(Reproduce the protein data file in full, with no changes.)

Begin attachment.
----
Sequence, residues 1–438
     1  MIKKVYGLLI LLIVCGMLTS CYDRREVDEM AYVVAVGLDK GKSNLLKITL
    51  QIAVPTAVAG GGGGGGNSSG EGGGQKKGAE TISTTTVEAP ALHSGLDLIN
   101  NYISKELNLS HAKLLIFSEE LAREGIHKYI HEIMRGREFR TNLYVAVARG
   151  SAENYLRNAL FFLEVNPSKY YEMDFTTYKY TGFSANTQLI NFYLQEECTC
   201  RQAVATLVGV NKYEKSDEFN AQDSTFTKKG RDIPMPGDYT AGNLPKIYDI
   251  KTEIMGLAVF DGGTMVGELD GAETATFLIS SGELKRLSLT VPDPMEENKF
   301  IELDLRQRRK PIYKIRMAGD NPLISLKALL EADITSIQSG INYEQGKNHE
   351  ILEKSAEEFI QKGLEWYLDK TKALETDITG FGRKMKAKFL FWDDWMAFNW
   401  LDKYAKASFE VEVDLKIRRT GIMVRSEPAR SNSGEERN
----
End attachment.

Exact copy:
Sequence, residues 1–438
     1  MIKKVYGLLI LLIVCGMLTS CYDRREVDEM AYVVAVGLDK GKSNLLKITL
    51  QIAVPTAVAG GGGGGGNSSG EGGGQKKGAE TISTTTVEAP ALHSGLDLIN
   101  NYISKELNLS HAKLLIFSEE LAREGIHKYI HEIMRGREFR TNLYVAVARG
   151  SAENYLRNAL FFLEVNPSKY YEMDFTTYKY TGFSANTQLI NFYLQEECTC
   201  RQAVATLVGV NKYEKSDEFN AQDSTFTKKG RDIPMPGDYT AGNLPKIYDI
   251  KTEIMGLAVF DGGTMVGELD GAETATFLIS SGELKRLSLT VPDPMEENKF
   301  IELDLRQRRK PIYKIRMAGD NPLISLKALL EADITSIQSG INYEQGKNHE
   351  ILEKSAEEFI QKGLEWYLDK TKALETDITG FGRKMKAKFL FWDDWMAFNW
   401  LDKYAKASFE VEVDLKIRRT GIMVRSEPAR SNSGEERN